Friday, May 31, 2013
Tuesday, May 28, 2013
Location: Southwest corner of East Seventh and Sycamore Street, Downtown
The marker reads:
On this property in 1831
Bishop Edward Fenwick established a college
known as the Athenaeum and placed it
under the patronage of St. Francis Xavier.
In 1840 his successor,
Bishop John Baptist Purcell,
gave the College to members of the
Society of Jesus who renamed it
St. Xavier College. The institution evolved
into today’s Xavier University, which
moved to its Evanston-Avondale campus
in 1919, and into St. Xavier High School
that transferred to Finneytown in 1960.
AD MAJOREM DEI GLORIAM (To the greater glory of God)
Thursday, May 23, 2013
Sunday, May 19, 2013
Tuesday, May 14, 2013
Location: 21 East Eighth Street, Downtown
Up from the South, at break of day,
Bringing to Winchester fresh dismay,
The affrighted air with a shudder bore,
Like a herald in haste to the chieftain's door,
The terrible grumble, and rumble, and roar,
Telling the battle was on once more,
And Sheridan twenty miles away.
And wider still those billows of war
Thundered along the horizon's bar;
And louder yet into Winchester rolled
The roar of that red sea uncontrolled,
Making the blood of the listener cold,
As he thought of the stake in that fiery fray,
With Sheridan twenty miles away.
But there is a road from Winchester town,
A good, broad highway leading down:
And there, through the flush of the morning light,
A steed as black as the steeds of night
Was seen to pass, as with eagle flight;
As if he knew the terrible need,
He stretched away with his utmost speed.
Hills rose and fell, but his heart was gay,
With Sheridan fifteen miles away.
Still sprang from those swift hoofs, thundering south,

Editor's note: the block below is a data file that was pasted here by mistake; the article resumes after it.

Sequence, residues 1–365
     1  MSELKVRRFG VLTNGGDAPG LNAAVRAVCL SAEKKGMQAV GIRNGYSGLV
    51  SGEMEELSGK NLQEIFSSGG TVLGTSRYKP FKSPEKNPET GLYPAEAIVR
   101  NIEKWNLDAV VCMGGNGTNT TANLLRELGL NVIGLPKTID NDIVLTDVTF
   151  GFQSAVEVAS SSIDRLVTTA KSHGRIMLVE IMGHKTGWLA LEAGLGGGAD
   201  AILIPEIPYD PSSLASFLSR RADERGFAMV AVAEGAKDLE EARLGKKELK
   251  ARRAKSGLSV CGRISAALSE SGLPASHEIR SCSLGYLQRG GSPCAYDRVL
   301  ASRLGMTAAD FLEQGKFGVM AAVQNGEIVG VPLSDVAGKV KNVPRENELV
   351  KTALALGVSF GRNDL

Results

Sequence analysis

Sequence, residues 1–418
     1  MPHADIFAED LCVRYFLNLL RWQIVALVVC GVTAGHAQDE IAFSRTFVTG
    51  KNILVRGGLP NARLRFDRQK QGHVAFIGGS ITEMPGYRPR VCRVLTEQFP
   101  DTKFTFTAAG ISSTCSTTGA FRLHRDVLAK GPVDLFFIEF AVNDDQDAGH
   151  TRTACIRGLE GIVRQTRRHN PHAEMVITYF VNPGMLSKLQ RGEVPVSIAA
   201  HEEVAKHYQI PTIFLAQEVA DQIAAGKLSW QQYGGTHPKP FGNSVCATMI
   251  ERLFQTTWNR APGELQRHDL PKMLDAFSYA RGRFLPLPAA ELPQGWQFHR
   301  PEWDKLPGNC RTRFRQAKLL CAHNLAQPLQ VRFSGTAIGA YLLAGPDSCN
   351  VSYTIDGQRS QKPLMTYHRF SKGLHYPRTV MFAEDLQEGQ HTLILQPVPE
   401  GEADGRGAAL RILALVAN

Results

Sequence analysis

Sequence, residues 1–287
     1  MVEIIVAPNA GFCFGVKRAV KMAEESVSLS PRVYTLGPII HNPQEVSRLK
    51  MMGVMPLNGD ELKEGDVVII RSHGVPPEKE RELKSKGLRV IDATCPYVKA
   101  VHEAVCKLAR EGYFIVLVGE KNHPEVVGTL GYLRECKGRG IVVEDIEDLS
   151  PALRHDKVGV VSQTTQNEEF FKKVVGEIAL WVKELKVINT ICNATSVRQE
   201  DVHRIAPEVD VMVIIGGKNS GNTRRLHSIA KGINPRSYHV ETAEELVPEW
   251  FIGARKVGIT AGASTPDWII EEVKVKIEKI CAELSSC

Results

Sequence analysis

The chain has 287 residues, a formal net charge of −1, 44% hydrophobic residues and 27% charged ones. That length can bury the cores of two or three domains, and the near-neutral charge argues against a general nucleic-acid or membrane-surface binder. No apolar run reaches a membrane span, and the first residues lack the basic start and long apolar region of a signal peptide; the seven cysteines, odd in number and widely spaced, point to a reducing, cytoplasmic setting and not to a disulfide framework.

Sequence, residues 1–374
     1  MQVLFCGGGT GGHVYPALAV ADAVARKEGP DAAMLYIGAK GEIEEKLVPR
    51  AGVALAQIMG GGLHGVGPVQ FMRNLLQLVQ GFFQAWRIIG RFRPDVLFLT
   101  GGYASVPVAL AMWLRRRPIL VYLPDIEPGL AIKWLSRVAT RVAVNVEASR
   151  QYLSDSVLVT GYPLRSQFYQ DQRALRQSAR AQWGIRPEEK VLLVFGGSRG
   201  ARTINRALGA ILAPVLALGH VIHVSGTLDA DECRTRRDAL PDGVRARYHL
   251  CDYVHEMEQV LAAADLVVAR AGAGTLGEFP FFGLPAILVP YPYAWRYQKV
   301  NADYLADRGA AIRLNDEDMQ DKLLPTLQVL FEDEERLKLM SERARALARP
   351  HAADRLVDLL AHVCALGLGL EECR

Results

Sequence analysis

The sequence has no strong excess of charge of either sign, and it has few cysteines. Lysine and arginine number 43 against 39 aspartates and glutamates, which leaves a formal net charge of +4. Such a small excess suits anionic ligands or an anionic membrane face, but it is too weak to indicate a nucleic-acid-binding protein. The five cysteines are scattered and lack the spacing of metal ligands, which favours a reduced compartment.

The dust like smoke from the cannon's mouth,
Or the trail of a comet, sweeping faster and faster,
Foreboding to traitors the doom of disaster.
The heart of the steed and the heart of the master
Were beating like prisoners assaulting their walls,
Impatient to be where the battle-field calls;
Every nerve of the charger was strained to full play,
With Sheridan only ten miles away.
Under his spurning feet, the road
Like an arrowy Alpine river flowed,
And the landscape sped away behind
Like an ocean flying before the wind;
And the steed, like a barque fed with furnace ire,
Swept on, with his wild eye full of fire;
But, lo! he is nearing his heart's desire;
He is snuffing the smoke of the roaring fray,
With Sheridan only five miles away.
The first that the general saw were the groups
Of stragglers, and then the retreating troops;
What was to be done? what to do?--a glance told him both.
Then striking his spurs with a terrible oath,
He dashed down the line, 'mid a storm of huzzas,
And the wave of retreat checked its course there, because
The sight of the master compelled it to pause.
With foam and with dust the black charger was gray;
By the flash of his eye, and his red nostril's play,
He seemed to the whole great army to say:
"I have brought you Sheridan all the way
From Winchester down to save the day."
Hurrah! hurrah for Sheridan!
Hurrah! hurrah for horse and man!
And when their statues are placed on high
Under the dome of the Union sky,
The American soldier's Temple of Fame,
There, with the glorious general's name,
Be it said, in letters both bold and bright:
"Here is the steed that saved the day
By carrying Sheridan into the fight,
From Winchester--twenty miles away!"
Sunday, May 12, 2013
Located at the Metro transit center at Government Square are two identical sculptures created by Chicago based artist Josh Garber. The sculptures were commissioned in 2005 by Cincinnati Metro and installed in 2007. The sculptures are made of aluminum and spiral in opposite directions, which echo the flow of traffic.
Thursday, May 9, 2013
Tuesday, May 7, 2013
This ArtWorks mural was created in 2011 with lead artist Scott Donaldson. The mural is on the side of Jean-Robert’s Table and features a variety of food as well as, livestock, fish, game, and even some flying pigs. The style of the mural was inspired by Dutch still life paintings.
713 Vine Street, Downtown
Saturday, May 4, 2013
This status was commissioned in 1988 as a gift to the city for its bicentennial. The statue was created by Cincinnati native Jim Dine, a graduate of Walnut Hills High School and the Art Academy. The statue is made of granite and modeled after the Venus de Milo with a twist to the body and without the head. The statue sits on a reflecting pool in Centennial Plaza on Central Avenue.